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Why Builders Should Care About Grade I Installation

Posted by Stacy Fitzgerald-Redd on April 10, 2017
Why Builders Should Care About Grade I Installation
The penalty for a Grade III job versus a Grade I job ranges depending on the climate zone of the home.

Quality installation of insulation matters and if builders aren’t getting RESNET Grade I installation with fiberglass batts then they’re getting a HERS-score penalty, says new fact sheet on Grade I installation of batt insulation from NAIMA/Insulation Institute.

The RESNET-developed rating system for batt insulation installation includes descriptions of Grade I, Grade II, and Grade III jobs. Grade I is top-quality work and while building code officials rarely fail an insulation installation job, not meeting Grade I criteria is commonplace. The fact sheet explains that builders take a HERS-score penalty for any installation job that’s not Grade I. The penalty for a Grade III job, versus a Grade I, can range from 1.73 to 6.27 points, depending on the climate zone of the home.

How to Get Grade I

“Getting RESNET Grade I requires technical training and a commitment to a quality management process that builders, HERS raters and insulation contractors must work collaboratively to achieve,” said NAIMA VP Marketing and Communications Jordan Doria. Poor installation can compromise a home’s performance, leading to higher energy bills and increased customer call backs for comfort issues. “Our fact sheet shows builders that achieving Grade I installation doesn’t require a huge amount of extra work, but rather teamwork, training, setting clear expectations and a commitment to quality control and inspection.”

High performance home programs like Energy Star and DOE’s Zero Energy Ready homes require Grade I installation. In addition, many utility incentive programs require Grade I for eligibility. But, often times insulation contractor work crews lack the training to deliver Grade I and they are expected to complete the job as quickly as possible, which can lead to substandard work. To get better quality installs, builders must make Grade I installation a written goal, empower the HERS rater as the guarantor of quality and ensure that the superintendent knows the quality goal so that he can reinforce it with the contractors handling the job.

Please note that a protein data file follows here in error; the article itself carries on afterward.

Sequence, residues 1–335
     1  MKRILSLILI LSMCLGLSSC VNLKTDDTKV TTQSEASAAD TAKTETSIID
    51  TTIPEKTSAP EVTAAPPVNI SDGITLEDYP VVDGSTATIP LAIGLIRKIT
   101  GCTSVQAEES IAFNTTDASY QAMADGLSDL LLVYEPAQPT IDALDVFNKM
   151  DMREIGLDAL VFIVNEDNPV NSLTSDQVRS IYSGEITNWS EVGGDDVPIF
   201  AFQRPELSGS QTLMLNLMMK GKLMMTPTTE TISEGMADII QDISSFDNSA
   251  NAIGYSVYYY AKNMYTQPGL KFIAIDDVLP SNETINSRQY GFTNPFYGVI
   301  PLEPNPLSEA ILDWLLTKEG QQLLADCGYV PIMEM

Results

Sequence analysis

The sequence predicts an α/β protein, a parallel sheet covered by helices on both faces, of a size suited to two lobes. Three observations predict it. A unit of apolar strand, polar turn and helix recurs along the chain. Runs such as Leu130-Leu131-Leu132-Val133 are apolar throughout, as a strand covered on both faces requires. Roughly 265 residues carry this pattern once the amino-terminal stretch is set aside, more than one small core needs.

If Grade I is the goal, following the guidance in the fact sheet will help achieve it in a reliable and repeatable manner. Clear goals, communication and a team mentality are the keys to achieving consistent quality installation.

The fact sheet on recommended practices to achieve repeatable Grade I installations is available on the Insulation Institute website.

 

Stacy Fitzgerald-Redd is the Director of Marketing & Communications for the North American Insulation Manufacturers Association (NAIMA).

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